Le Beu. You must if you stay here, for here is the place appointed for the wrestling; and they are ready to perform it.
Cel. Yonder, sure, they are coming; let us now Itay and fee it. Flourish. Enter Duke FREDERICK, Lords, ORLANDO,
CHARLES, and Attendants. Duke. Come on : since the youth will not be entreated, his own peril on his forwardness.
(4) Is there any else longs to see this broken music in his fides ?] This seems a stupid error in the copies. They are talking here of some who had their ribs broke in wrestling, and the pleasantry of Rosalinda's repartee must confist in the alluTion the makes to compiling in music. It ncceilarily follows therefore that the Poet wrote cofet this broken music in his Ades.
call for you.
Rof. Is yonder the man?
Cel. Alas, be is too young; yet he looks fuccellfully.
Duke. How now, daughter and cousin; are you crept kither to fee the wrestling?
Rose. Ay, my Liege, fo pleaie you give us leave.
Duke. You will take little delight in it, I can tell you, there is such odds in the men: 'in pity of the challenger's youth I would fain diffuade him, but he will not be entreated. Speak to him, Ladies; ; see if you can move him.
Cel. Call him hither, good Monsieur Le Beu. Duke. Do so, I'll not be by. [Duke goes apart. Le Beu. Monsieur the challenger, the Princesses Orla. I attend them with all respect and duty.
Rof. Young man, have you challenged Charles the wrestler?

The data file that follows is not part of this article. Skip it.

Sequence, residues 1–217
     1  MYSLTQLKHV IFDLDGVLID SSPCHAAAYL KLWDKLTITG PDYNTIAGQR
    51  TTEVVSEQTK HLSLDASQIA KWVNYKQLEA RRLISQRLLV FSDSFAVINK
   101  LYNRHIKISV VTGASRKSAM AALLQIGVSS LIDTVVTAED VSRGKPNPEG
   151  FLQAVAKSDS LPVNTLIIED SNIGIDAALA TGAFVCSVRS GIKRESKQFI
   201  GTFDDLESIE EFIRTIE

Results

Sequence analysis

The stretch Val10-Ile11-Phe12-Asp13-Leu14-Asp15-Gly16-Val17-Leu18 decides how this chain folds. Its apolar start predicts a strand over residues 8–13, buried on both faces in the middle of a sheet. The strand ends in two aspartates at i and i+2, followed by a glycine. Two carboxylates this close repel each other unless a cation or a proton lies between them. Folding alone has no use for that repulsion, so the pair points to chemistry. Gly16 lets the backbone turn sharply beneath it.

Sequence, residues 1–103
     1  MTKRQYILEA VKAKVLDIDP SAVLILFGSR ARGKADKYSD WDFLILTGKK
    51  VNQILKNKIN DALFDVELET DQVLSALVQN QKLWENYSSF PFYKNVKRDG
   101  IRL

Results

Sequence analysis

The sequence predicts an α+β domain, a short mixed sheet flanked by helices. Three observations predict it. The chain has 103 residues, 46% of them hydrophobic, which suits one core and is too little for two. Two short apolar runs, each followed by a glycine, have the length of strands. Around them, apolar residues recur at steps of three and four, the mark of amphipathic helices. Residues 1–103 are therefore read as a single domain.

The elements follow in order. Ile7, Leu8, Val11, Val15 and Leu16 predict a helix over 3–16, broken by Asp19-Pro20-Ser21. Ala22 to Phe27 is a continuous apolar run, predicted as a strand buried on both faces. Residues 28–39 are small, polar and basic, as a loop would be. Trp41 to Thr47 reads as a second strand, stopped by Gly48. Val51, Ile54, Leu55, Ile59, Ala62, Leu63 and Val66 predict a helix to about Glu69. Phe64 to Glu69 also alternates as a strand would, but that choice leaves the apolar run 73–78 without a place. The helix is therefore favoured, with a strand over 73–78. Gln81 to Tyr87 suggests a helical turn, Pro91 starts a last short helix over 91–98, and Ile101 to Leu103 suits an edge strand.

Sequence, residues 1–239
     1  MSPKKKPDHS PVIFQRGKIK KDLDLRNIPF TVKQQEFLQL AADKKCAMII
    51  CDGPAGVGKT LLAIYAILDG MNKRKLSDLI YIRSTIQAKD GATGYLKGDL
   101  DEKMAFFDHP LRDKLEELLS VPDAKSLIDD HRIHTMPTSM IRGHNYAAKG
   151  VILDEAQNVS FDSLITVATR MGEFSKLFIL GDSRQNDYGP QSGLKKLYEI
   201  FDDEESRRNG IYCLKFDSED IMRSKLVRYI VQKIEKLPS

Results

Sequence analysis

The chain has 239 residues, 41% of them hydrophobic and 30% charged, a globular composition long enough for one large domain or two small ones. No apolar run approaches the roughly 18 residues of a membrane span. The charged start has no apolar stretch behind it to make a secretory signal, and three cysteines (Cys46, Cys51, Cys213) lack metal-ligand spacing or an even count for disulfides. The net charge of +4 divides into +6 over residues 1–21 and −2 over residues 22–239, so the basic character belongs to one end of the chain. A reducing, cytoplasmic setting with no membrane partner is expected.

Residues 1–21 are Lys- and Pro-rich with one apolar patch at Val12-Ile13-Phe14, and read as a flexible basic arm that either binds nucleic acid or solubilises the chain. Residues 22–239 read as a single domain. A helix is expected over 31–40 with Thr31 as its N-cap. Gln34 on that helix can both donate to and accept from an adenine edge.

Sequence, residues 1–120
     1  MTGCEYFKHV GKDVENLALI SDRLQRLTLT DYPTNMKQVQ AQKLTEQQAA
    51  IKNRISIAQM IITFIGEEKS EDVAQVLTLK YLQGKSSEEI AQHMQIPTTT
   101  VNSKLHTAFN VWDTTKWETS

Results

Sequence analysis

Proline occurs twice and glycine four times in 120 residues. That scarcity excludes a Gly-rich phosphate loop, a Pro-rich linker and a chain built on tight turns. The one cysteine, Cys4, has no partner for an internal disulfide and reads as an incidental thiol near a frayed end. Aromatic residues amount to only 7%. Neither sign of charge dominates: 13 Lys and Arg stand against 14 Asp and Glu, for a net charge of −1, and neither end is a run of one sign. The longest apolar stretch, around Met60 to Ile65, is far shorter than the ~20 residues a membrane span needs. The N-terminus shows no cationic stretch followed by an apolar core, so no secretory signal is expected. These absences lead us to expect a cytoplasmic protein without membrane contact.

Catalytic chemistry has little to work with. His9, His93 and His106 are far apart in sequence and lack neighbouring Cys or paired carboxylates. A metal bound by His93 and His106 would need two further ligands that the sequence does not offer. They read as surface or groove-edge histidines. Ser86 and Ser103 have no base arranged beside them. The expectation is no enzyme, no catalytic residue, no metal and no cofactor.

Orla. No, fair Princess; he is the general challenger: I come but in, as others do, to try with him the strength of my youth. Cel. Young gentleman, your fpirits are too bold
your years: you have seen cruel proof of this man's strength. If you saw yourself with your eyes, or knew yourself with your judgment, the fear of your adventure would counsel you to a more equal enterprise. We pray you, for your own sake, to embrace your own fafety, and give over this at: tempt.
Ros. Do, young Sir; your reputation shall not therefore be misprised; we will make it our suit to the Duke, that the wrestling might not go forward.
Orla. I beseech you, punish me not with your hard thoughts, wherein I confefs me much guilty,
to deny so fair and excellent Ladies any thing. But let your fair eyes and gentle wishes go with me to my trial; wherein if I be foiled, there is but one shamed that was never gracious; if killed, but .one dead that is willing to be lo. I thall do my friends no wrong, for I have none to lament
the world no injury, for in it I have nothing; only in the world I fill up a place, which may be better supplied when I have made it empty.
Rof. The little strength that I have, I would it were with you.
Cel. And mine to eke out hers.
Orla. Your heart's defires be with
Cha. Come, where is this young gallant, that is fo desirous to ly with his mother earth?
Orla. Ready, Sir; but his will hath in it a more modeft working
Duke. You thall try but one fall.
Cha. No, I warrant your Grace you Thall not entreat him to a second, that have so mightily per. fuaded him from a first.
Orla. You mean to mock me after; you should not have mocked me before; but come your ways.
Rof. Now Hercules be thy speed, young nian !
Gel. I would I were invisible, to catch the itrong fellow by the leg!
[They wrestle. Rof. O excellent.young man! Cel. If I had a thunderbolt in mine eye,
I tell who should down.
[Shout. Duke. No more, no more [Charles is thrown.
Orla. Yes, I beseech your Grace; I am not yet well breathed.
Duke. How dost thou, Charles?